There are nearly 7,000 islands making up the nation, but when you travel Japan for the first time, you'll probably want to stick to the four main islands since 73 percent of the country is undeveloped. In fact, when taking your first trip to Japan you may be content to remain on Honshu, home to the capital city of Tokyo. p>
The four primary islands are Hokkaido, Honshu, Shikoku and Kyushu. A chain of islands known as the Ryukyu Islands lie to the south of Kyushu, and is home to Okinawa.
Each of the main islands has charms unique to the land. You can travel Honshu and Kyushu via highspeed bullet trains, called Shinkansen. Consider picking up the Japan Rail Pass which will also get you onto some local buses, ferries and smaller trains.
If you do plan to island hop in Japan, we recommend working your way north to south or vice versa, unless you plan to fly. Besides, how else will you get to experience the world's longest rail tunnel at over 33 miles, the Seikan Tunnel, which connects Hokkaido and Honshu?
In the House of the Rising Sun, why be surprised to find a house of sake and rice?
The FushimiInari Taisha complex of Kyoto dates back to the eighth century, and though the gods of rice and rice wine have long left the premises, the shrine is still popular for it's many hiking trails to smaller shrines, and the cool tunnels you'll walk through to get to them.
The tunnels are made up of tori, a traditional Japanese gate, which literally means bird perch. There are thousands of tori lining the paths.
You'll have to be an early riser for this one, but the Tsukiji Central Fish Market presents a sight to see: Fishmongers gone mad.
Stalls upon stalls are set up to sell the catch of the day to restaurants and grocers, and the auctioneers and merchants have been meeting here daily for centuries. And they do business at a frenetically fishy pace, starting at 5 a.m.
When you're through watching the yelling and trading, head out to the outer market to find fish serving accessories. You'll find trays, plates, bowls, ramekins, tea sets, and everything else you can think of. . .because when it comes to serving food in Japan, presentation is everything.
Whether you get your groove on at 4 a.m., 10 p.m., or any other hour of the day, there is always a club, bar or dive available to get the party started, played out and finished. Check out Metropolis to find the best restaurants, bars and clubs to suit you.
It doesn't matter if you like to go goth, gay or just plain gaga, you'll find the Japanese ready and already partying in ultrachic nightclubs or cool jazz joints.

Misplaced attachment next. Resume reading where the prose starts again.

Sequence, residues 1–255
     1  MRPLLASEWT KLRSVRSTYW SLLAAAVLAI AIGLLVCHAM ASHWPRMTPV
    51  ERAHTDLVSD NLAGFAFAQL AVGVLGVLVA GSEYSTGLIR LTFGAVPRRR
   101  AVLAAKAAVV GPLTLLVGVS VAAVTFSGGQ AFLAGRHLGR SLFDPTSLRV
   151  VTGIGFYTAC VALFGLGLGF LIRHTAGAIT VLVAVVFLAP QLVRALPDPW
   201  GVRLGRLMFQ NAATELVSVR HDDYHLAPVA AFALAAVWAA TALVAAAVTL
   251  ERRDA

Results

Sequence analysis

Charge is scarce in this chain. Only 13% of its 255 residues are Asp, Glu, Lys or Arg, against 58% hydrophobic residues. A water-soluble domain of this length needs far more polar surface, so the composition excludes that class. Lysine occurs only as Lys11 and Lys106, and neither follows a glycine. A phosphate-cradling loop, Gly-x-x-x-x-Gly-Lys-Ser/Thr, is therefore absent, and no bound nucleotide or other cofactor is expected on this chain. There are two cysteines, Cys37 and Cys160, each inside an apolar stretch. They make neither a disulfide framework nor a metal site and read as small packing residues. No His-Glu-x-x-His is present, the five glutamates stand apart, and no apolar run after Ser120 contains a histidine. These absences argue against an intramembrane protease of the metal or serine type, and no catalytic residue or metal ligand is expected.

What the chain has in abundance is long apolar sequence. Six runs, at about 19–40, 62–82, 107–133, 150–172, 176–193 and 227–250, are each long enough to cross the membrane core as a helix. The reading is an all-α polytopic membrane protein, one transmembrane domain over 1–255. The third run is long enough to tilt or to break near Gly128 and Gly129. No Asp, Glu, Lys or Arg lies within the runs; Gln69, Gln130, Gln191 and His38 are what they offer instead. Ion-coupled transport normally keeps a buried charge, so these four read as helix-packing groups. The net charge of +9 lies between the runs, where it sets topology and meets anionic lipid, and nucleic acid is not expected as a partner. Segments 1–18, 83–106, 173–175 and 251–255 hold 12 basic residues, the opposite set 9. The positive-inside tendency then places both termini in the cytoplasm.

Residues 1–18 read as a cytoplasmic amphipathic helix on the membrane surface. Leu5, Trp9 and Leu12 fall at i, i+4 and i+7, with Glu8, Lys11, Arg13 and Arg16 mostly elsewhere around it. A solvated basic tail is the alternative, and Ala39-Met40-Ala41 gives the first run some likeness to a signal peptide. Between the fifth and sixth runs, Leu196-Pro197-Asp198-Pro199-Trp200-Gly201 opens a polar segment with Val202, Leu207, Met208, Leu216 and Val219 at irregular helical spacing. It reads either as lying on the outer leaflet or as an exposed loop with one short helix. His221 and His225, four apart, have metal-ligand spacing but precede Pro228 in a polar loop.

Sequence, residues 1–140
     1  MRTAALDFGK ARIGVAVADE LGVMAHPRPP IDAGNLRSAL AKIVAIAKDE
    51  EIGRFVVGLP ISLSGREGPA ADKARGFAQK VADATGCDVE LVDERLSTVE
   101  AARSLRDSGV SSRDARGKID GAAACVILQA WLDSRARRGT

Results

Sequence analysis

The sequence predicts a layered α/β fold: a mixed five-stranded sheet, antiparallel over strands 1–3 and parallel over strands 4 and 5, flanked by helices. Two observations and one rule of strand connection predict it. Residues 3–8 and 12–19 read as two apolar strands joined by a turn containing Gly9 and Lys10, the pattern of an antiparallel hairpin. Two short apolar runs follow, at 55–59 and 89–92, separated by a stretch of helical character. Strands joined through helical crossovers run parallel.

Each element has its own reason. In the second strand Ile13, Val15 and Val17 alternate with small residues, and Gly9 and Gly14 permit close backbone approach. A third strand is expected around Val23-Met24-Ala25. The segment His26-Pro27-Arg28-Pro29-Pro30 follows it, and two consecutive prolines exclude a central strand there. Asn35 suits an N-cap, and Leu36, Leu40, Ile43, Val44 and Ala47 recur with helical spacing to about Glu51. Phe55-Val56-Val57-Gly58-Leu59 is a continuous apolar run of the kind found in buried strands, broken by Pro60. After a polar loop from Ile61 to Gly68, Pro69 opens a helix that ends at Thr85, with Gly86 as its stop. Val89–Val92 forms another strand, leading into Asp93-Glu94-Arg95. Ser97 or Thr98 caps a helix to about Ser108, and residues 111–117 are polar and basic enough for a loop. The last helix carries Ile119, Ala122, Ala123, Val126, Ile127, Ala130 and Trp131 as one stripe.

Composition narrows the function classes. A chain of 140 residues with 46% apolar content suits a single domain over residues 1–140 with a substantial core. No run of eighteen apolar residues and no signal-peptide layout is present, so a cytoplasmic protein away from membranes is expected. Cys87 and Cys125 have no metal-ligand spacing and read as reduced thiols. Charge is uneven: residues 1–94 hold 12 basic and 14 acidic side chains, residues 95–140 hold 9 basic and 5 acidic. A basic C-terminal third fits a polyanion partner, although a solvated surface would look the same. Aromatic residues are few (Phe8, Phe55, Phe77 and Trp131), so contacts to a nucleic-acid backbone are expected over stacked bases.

The nomiya provide places to get a snack and check out the joints where the natives hang for a quiet drink. If you want the glitz of a western style nightclub, check out the Roppongi district. Many of the bars in Japan will charge a table charge, which usually includes snacks, and some of the bigger clubs will add a service charge.
A Dohyo is a ring for Sumo wrestlers. And the Japanese invite you to compete, but not by stripping down and trying to throw your opponent out of the ring. You'll have to build a robot, and then be proficient enough in the operation of it to throw out someone else's robot.
Well ok, in this particular competition, called the Japan Robot Sumo Tournament, the ring and the robots are much smaller than you would imagine, but hey, Fighting Sumo Robots!
» Vaccinations & Visas You can travel Japan visafree if you have an ticket to leave the country within 90 days of your arrival, if you have a valid passport. Routine vaccinations are recommended for visiting Japan, along with a Hepatitis B vaccination. If you will be visiting the more rural areas and farms, consider getting a Japanese encephalitis shot. Check out the Centers for Disease Control and Prevention Destinations Page for more information.
» Yen Roll out the Yen when you travel. . . designated by a ¥ on the price tags and at exchange counters.
» Radiation & Getting Rolled According to the U.S. State Department, there is little danger of getting radiation poisoning just keep away from the Fukushima Dalichi Nuclear Plant, which suffered some damage in March 2011 by a major tsunami. Remember, earthquakes and tsunamis are always a risk in the Pacific Ring of Fire.
As for getting rolled by something other than earthquakes, there are some nightlife areas where tourists have complained about spiked drinks and robberies, or unauthorized credit card charges.
» U.S. Embassies The U.S. Embassies in Japan are located in Tokyo, Osaka and Okinawa. U.S. Consulate Generals have offices in Sapporo, Fukuoka, Nagoya, and Osaka.
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